Kings of Leon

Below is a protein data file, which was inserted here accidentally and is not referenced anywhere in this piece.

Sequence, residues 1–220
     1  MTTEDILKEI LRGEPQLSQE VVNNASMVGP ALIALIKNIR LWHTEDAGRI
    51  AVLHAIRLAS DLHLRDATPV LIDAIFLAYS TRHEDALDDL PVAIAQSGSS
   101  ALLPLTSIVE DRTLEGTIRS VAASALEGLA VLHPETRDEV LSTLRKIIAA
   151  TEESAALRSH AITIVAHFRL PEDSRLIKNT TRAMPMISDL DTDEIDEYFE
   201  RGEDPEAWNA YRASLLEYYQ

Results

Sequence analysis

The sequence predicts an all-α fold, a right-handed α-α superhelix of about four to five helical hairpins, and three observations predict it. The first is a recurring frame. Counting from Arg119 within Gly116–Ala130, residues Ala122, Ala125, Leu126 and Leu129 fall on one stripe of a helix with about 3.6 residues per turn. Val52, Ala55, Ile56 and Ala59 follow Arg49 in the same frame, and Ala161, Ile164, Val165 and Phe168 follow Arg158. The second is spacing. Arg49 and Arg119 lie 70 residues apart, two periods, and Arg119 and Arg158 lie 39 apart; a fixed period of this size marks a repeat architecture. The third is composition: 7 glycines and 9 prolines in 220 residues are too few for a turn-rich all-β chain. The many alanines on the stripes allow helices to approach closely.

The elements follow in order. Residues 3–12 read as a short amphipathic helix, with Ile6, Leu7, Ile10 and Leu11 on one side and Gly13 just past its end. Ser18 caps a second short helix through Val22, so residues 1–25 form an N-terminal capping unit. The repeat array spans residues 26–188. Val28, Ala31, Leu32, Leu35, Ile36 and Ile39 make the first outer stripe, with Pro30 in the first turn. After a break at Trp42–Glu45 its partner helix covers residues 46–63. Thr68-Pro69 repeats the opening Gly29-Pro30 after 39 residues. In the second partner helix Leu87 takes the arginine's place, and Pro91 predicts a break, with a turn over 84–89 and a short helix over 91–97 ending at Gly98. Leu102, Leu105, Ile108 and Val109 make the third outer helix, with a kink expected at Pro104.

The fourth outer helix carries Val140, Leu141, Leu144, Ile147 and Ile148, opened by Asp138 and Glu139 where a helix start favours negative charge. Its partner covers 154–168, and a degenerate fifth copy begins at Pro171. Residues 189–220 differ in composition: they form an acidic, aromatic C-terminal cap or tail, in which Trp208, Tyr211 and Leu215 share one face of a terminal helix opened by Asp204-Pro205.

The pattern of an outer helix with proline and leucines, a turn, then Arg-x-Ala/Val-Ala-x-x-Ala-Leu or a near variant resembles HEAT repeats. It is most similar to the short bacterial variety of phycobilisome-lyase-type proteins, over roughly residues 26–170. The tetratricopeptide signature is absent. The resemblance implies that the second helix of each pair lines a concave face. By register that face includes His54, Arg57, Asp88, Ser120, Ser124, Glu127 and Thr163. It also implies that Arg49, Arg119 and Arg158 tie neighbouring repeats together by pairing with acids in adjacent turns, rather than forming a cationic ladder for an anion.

You can never be too sure about Kings of Leon. They often buy into a prescribed persona and become the characters they're meant to portray. When drummer Nathan Followill said in the lead-up to Mechanical Bull that the band had to "…go back to the blueprint of what we did on our first album," it's worth wondering if the record is an attempt by the Kings to gain back the indie cred they once flirted with or if they're straight up out of ideas. With every angle for the group now exhausted, they've let their songwriting do the talking on Mechanical Bull. What emerges is the sound of a group panicking in a last ditch effort to be taken seriously. Mechanical Bull pulls out all the stops once associated with the Kings: tales of drug-induced wandering set to a catchy clap-along beat on "Rock City" and the up-tempo, driving wail of "Don't Matter," complete with Caleb Followill revisiting his old snarl. Even the most discerning of hipsters will be able to sing along to the made-for-radio "Temple," but who are these Kings now? Mechanical Bull suggests they have trouble figuring that out themselves. Full of simplistic, hastily constructed tracks, it's as if they haven't learned a thing from their decade. At its best, Mechanical Bull is standard, paint-by-numbers fare that attempts to sprint to the finish line. However, it runs out of gas and you have to wonder if Kings of Leon have as well.
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